Browse Publications Technical Papers 2020-01-0378

RDE Plus - A Road to Rig Development Methodology for Complete RDE Compliance: Road to Chassis Perspective 2020-01-0378

To aid Original Equipment Manufacturers (OEM) in meeting future Real Driving Emissions (RDE) regulation criteria [1] across extended environmental conditions, a Road to Rig (R2R) whole vehicle development, calibration and verification approach, currently known as RDE Plus (RDE+), has been developed at HORIBA.
In this paper, the methodologies required for replicating real RDE road tests on a chassis dynamometer are discussed in depth. These include application of robot driver for successful cycle replication and repeatability and use of HORIBA’s Multi-function Efficient Dynamic Altitude Simulation (MEDAS) system in conjunction with a temperature and humidity controlled test cell to replicate the engine, vehicle and environmental conditions.
For RDE replication using a robot driver, two methods are presented. The first, is a speed matching method whereby a robot driver maintains the recorded vehicle speed via its own closed-loop control whilst road load is implemented via a Road Load Reconstruction (RLR) technique. The second is a “Torque Matching” (TM) method whereby robot driver pedal inputs are controlled in an open-loop mode and vehicle speed is implemented using Automatic Speed Regulation (ASR) of the chassis dynamometer. The former focuses on how robot driver controller tuning is used to successfully replicate real world driving if accurate road load components are known. The latter is presented as an elegant way to achieve a 1:1 road load match of a previously driven RDE test, or any other arbitrary road drive, with minimal prior information.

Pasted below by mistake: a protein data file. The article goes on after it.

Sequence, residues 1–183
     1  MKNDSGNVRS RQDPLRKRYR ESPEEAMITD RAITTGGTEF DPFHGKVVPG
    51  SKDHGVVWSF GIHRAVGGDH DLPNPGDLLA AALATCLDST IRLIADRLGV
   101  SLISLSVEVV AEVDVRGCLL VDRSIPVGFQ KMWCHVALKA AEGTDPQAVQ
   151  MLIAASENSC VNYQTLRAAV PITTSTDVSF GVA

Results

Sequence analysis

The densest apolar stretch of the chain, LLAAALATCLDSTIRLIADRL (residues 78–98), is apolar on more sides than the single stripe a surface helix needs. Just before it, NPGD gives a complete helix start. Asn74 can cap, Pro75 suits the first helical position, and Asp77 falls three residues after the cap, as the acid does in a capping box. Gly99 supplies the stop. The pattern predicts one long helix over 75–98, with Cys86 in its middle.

Considerations relating to vehicle preparation, robot driver tuning, and the application of HORIBA MEDAS will also be covered, including potential minor modifications to vehicles in pursuit of successful replication outcomes.
The RLR method showed good agreement in work done and CO2 emissions for the real-world drives presented (approx. 2-3% difference). However, the TM method was able to demonstrate much less than 1% difference in these parameters when matching a previously driven test at the same conditions. This improved precision would be beneficial for minimizing the amount of back to back testing required to characterize the effect of powertrain calibration changes. NOx and PN emissions are also shown correlating well with the real road test values (< 10% difference).
This paper is the third in a series of ongoing technical reports from HORIBA on vehicle and engine development and calibration methodologies for RDE compliance. It is twinned with a concurrent SAE paper by the same authors covering Engine-in-Loop (EiL) methodologies and follows SAE Technical Paper 2019-01-0756 presented at WCX2019 [2, 3]. Additionally, there are patent applications arising from the techniques demonstrated [4].


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